We also had an agency designed to monitor business. My brother-in-law owned a restaurant that had square tables. Government officials told him he had to replace them with round tables because people might bump themselves on the corners. Then they said he had to have additional bathroom facilities. It was just a small dairy business with a snack bar. He couldn’t meet all the demands.
Soon, he went out of business. If the government owned the large businesses and not many small ones existed, it could be in control.
We had consumer protection, too. We were told how to shop and what to buy. Free enterprise was essentially abolished. We had a planning agency specially designed for farmers. The agents would go to the farms, count the livestock, and then tell the farmers what to produce and how to produce it.
In 1944, I was a student teacher in a small village in the Alps. The villagers were surrounded by mountain passes which, in the winter, were closed off with snow, causing people to be isolated. So people intermarried and offspring were sometimes mentally challenged.
When I arrived, I was told there were 15 mentally challenged adults, but they were all useful and did good manual work. I knew one, named Vincent, very well. He was a janitor at the school. One day I looked out the window and saw Vincent and others getting into a van. I asked my superior where they were going. She said to an institution where the State Health Department would teach them a trade, and to read and write. The families were required to sign papers with a little clause that they could not visit for 6 months. They were told visits would interfere with the program and might cause homesickness.
As time passed, letters from the State Health Department started to dribble back saying these people died a natural, merciful death. The villagers were not fooled. We suspected what was happening. Those people left in excellent physical health and all died within 6 months. We called this euthanasia.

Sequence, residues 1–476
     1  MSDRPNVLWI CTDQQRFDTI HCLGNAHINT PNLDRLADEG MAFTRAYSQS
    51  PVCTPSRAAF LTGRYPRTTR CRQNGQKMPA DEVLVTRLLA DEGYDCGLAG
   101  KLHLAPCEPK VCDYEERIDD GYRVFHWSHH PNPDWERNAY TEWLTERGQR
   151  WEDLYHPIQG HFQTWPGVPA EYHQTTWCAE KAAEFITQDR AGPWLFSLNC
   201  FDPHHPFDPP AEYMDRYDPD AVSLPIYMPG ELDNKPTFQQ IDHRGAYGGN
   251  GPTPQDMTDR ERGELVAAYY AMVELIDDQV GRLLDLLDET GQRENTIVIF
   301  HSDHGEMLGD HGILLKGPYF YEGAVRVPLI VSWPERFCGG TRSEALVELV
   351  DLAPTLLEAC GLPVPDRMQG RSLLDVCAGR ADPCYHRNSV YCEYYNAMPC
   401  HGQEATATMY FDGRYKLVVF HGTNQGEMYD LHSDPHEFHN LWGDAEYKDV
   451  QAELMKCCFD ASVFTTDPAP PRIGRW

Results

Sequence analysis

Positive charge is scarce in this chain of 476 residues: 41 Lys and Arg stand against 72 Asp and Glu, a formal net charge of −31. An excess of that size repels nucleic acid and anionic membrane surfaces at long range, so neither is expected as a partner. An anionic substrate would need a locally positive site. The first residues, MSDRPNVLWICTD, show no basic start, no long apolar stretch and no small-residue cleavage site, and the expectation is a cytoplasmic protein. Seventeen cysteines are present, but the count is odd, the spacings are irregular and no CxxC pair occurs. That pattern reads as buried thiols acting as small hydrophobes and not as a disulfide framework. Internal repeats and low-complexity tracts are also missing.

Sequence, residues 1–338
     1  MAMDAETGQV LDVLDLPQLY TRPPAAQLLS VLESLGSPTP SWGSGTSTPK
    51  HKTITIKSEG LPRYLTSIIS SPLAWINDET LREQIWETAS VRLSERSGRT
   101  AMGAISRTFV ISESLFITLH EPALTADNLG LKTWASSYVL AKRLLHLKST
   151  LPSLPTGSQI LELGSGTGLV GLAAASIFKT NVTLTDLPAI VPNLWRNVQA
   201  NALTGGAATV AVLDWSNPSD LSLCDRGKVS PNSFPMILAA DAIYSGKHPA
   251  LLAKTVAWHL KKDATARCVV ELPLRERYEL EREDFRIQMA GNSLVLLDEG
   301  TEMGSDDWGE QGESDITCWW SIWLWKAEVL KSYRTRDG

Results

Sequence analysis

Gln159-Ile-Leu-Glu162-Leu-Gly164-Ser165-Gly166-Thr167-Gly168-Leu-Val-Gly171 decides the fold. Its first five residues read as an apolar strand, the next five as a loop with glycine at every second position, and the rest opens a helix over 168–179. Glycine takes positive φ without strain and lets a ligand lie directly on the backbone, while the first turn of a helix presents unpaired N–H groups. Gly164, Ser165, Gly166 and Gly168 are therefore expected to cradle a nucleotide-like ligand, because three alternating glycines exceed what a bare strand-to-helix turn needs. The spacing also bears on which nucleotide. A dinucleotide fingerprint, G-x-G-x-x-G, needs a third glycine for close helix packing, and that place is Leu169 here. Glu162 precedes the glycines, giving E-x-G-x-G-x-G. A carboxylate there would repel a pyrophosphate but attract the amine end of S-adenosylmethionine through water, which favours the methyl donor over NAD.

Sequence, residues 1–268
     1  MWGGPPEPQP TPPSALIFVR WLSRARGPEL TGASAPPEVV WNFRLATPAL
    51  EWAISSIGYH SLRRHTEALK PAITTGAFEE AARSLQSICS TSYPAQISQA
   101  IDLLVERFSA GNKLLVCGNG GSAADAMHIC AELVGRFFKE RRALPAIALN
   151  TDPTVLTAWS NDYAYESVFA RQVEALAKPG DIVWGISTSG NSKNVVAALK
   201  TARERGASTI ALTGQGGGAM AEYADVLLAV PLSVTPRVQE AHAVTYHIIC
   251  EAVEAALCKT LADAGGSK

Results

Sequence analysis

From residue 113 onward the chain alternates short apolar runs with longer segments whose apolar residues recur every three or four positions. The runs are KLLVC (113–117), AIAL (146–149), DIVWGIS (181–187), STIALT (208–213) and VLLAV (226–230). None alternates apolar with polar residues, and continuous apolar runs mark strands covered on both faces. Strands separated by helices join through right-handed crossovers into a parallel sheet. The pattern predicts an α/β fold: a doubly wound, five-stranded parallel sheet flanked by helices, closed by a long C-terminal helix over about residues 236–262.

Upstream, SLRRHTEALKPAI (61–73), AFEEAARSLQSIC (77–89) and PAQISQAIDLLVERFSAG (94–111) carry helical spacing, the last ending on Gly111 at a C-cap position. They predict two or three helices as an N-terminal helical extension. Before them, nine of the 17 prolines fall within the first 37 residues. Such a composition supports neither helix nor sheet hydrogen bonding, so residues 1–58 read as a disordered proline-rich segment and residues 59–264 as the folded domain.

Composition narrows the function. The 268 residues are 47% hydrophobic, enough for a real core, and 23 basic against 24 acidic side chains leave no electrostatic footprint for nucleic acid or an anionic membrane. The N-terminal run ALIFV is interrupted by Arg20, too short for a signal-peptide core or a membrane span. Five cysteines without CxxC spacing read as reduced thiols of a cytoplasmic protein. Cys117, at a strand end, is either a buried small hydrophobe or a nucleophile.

Then they took our guns.
People were getting injured by guns. Hitler said that the real way to catch criminals was by matching serial numbers on guns. Most citizens were law abiding and dutifully marched to the police station to register their firearms. Not long afterwards, the police said that it was best for everyone to turn in their guns. The authorities already knew who had them, so it was futile not to comply voluntarily.
No more freedom of speech. Anyone who said something against the government was taken away. We knew many people who were arrested, not only Jews, but also priests and ministers who spoke up.
Totalitarianism didn’t come quickly; it took 5 years from 1938 until 1943, to realize full dictatorship in Austria. Had it happened overnight, my countrymen would have fought to the last breath. Instead, we had creeping gradualism. Now, our only weapons were broom handles. The whole idea sounds almost unbelievable that the state, little by little, eroded our freedom.
This is my eye-witness account. It’s true. Those of us who sailed past the Statue of Liberty came to a country of unbelievable freedom and opportunity.
America is truly the greatest country in the world. Don’t let freedom slip away.
After America, there is no place to go.